Qigong dates back at least five thousand years to when ancient Chinese recognized that Qi was the most building block in the universe and came to understand the role of Qi in physical health and life cultivation. Methods were developed to improve the Qi condition in order to promote better health and a higher level of consciousness. The term “Qigong” (氣功) was first used to describe this work on Qi in the Jin Dynasty (265－420 A.D.) and is currently in wide use as a generic term for all methods that are designed to work on Qi. New methods have been created throughout the long history of Qigong, and this continues today.
In Ren Xue, Qigong is defined as a self-training method that uses Jingshen (heart, consciousness, and Shen), the body (postures and movements) and, in some methods, breathing to bring direct change to Qi in order to enhance the health and wellbeing of the body and Jingshen. This is the definition applied to Yuan Qigong system.
We can look at the three elements referred to above – Jingshen, breathing and physical postures and movements, to gain more clarity on the nature of Qigong.
Use of Jingshen by following the required heart, consciousness, and Shen activities is what makes Qigong a unique practice. For example, the activities may involve using the consciousness or heart qualities to create a certain state, focusing on a specific part of the body, having certain thoughts or intentions, maintaining awareness of Qi, or visualizing in a certain way in order to help create the desired effect on Qi.
Some Qigong methods use breathing techniques to work on Qi, and this can be very useful. Because breathing is an internal activity that naturally occurs all the time, focusing on the breath is a simple and effective way of directing the awareness inward. The simpler the mind activity, the easier it is to maintain a healthy state and stay focused. Breathing can also enhance the effect the practice has on Qi. The natural movement of Qi in and out of the body with inhalation and exhalation means that breathing can be used as a convenient way to work on Qi. For example, focusing on breathing can increase the amount of Qi going in and out and is therefore an effective way to gather more Qi.
There are many different techniques for using the body in Qigong practice, but they can be roughly divided into two categories: Moving Qigong and Still Qigong. Moving Qigong is good for promoting Qi flow and clearing Qi blockages and Still Qigong, in which the body remains in a fixed posture for a period of time, is especially good for gathering and internalizing Qi. These two types of Qigong complement each other, so it is advisable to include both to maximize the effect of the practice.
The basic effect Qigong practice is expected to deliver is increasing the amount of Qi, improving the flow of Qi, and enhancing the quality of Qi in the body. For Qigong to be an effective and safe tool for healing and health maintenance, it is important to choose a sound system or method and to follow proper guidance.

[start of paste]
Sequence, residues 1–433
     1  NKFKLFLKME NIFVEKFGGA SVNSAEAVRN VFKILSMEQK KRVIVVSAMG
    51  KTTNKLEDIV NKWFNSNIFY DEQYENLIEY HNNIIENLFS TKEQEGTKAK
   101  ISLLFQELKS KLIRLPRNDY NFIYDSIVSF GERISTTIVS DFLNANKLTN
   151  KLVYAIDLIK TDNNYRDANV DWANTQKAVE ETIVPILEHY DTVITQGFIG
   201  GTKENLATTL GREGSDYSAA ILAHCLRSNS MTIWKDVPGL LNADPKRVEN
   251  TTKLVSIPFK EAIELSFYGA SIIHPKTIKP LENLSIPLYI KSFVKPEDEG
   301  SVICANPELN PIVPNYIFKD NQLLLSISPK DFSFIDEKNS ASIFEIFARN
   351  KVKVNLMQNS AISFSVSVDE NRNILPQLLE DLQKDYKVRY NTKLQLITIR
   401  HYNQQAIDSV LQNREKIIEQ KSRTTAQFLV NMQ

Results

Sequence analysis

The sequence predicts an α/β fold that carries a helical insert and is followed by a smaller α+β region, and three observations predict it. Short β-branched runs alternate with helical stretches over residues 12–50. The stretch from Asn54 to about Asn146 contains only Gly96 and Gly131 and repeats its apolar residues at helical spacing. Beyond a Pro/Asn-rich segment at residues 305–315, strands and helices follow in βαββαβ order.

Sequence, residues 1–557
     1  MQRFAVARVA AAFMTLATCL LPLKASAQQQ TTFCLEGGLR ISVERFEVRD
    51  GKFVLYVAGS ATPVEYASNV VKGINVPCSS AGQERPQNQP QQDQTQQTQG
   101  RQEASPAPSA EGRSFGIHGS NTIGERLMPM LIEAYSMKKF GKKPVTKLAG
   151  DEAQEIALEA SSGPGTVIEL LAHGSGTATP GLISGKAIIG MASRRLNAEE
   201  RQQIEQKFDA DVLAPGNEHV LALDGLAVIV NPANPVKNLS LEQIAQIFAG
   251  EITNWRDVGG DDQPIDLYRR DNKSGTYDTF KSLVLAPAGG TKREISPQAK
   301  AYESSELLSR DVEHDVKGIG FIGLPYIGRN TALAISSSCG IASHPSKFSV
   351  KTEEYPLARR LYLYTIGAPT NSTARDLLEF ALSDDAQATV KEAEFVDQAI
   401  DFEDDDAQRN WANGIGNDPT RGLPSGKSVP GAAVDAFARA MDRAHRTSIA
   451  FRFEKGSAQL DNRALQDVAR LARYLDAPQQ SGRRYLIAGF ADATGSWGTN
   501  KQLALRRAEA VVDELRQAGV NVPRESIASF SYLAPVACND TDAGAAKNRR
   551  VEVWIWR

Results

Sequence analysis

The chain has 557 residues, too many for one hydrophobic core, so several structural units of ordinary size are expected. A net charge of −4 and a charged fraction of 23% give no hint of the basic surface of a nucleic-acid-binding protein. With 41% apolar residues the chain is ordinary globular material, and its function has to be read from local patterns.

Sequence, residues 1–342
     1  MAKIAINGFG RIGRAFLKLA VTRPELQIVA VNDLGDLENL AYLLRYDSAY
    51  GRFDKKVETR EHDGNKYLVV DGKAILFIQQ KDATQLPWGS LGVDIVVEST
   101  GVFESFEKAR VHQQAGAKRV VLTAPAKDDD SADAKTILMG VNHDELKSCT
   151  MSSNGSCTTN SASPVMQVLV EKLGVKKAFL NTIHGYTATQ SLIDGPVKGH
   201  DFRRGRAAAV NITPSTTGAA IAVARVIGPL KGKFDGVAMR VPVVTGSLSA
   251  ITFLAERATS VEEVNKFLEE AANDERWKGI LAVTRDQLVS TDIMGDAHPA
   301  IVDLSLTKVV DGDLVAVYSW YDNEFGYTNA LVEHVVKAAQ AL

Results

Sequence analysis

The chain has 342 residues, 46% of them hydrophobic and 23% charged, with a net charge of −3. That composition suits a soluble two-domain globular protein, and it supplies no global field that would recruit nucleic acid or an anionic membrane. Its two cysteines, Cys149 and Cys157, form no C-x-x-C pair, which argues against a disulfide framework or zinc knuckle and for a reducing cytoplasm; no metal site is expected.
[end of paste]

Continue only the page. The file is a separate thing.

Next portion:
Many different systems or methods have been created throughout the long history of Qigong. Each is designed with its own theoretical base and its own intention purpose. While almost all Qigong methods can have positive effects on health, for more consistent and profound effects, choosing a sound system will be very important.
Effectiveness, efficiency and safety are the main criteria for assessing the soundness of a system. Good understanding of the law of Qi and life and the experience of the designer are crucial for ensuring them. To assess effectiveness, we need to look at how well the practice fulfills its purpose. A good way to judge this is to find out how it has worked for those who have practiced it consistently for some time. If the purpose of the practice is to improve health, we can examine how well it has helped people deal with health problems. Has the practice helped improve overall health condition, including energy levels? Efficiency relates to the amount of time and effort a person needs to expend in order to achieve a significant level of improvement. We need to look at how long it takes for obvious changes to occur. The differences between systems can be quite significant. Safety is also an important factor to consider. Design flaws can pose as a risk and create problems when practitioners practice the method.
It is also essential to learn from teachers who have been trained properly. Qualified teachers should be able to help students understand what the method is for, how it works and how to use it properly. Instructions should cover all aspects of the method, including the movements, the mind activities, and the state. Leaving any aspect out can compromise the effectiveness and safety of the practice.
Trained teachers should also provide ongoing guidance for students on how to practice the method properly, including answering any questions that may arise. This is especially important for beginners, as Qigong practice can often lead to experiences with which they are not familiar.
For more information about Qigong, please read the book ‘Wellbeing Begins With You’ by Yuan Tze. You can purchase it on our Learn REN XUE website here.
This is an excerpt from the book ‘Wellbeing Begins With You’ by Yuan Tze, if you would like to read more from Wellbeing you can purchase it on our Learn REN XUE website here.